The dangerous-sex approach addresses some of the problem cases discussed earlier. Certainly it suggests that supervisory status be given much greater significance than it receives at present, in turn suggesting a different result in the jilted lover cases. Indeed, it identifies the problems in those cases as central to the understanding of the harm in sexual harassment: any of the formidable emotions surrounding sex, not just the malign ones, render the supervisory relationship dangerous. It refocuses the issue in the me-too evidence cases. The plaintiff is not trying to prove a general disposition to misogynistic behavior but to show a pattern of sexual behavior that is not necessarily manifested towards all women. The agency liability cases are more of a puzzle, since they make little sense even on their own terms. Of all three anomalies, they are most open to the complaint that they protect plaintiffs less from sexual harm than from other harms. In no other situation, including racial harassment, has Title VII’s policy of reconciliation been used to require internal reporting. Still, the misogyny narrative may have contributed to this wrong turn by creating an image of sex harassers as so anomalously malevolent, so outside the normal range of behavior, that their peers could be relied on to recognize and respond appropriately to their offenses. The dangerous-sex model instead emphasizes that essentially ordinary feelings and behavior become menacing when introduced into an environment of power. From this perspective it is unrealistic to expect self-policing by employers. Supervisors are, almost by definition, worth more to employers than those they supervise, since they are paid more, and employers have an incentive to favor supervisors over their subordinates in disputes between the two. This favoritism may be reinforced by the stronger social and collegial ties that exist between people at the same hierarchical level. The current agency liability rules seem to assume that harassers are so seriously pathological that their colleagues can overcome the strong forces that make people reluctant to find against valued colleagues and friends. But if sexual harm can result from normal behavior at the wrong time and place, the insistence on internal dispute resolution seems wholly misguided.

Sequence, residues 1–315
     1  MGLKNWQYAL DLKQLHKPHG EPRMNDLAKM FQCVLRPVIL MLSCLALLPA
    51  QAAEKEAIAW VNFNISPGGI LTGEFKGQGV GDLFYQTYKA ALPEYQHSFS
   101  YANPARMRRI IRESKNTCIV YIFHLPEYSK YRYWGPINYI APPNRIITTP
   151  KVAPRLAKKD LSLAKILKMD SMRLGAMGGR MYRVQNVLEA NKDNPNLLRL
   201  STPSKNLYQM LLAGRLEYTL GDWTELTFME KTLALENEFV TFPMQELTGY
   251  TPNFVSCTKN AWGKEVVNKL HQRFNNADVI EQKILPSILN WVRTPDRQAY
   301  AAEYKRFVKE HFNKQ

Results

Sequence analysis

2.Developing new feminist norms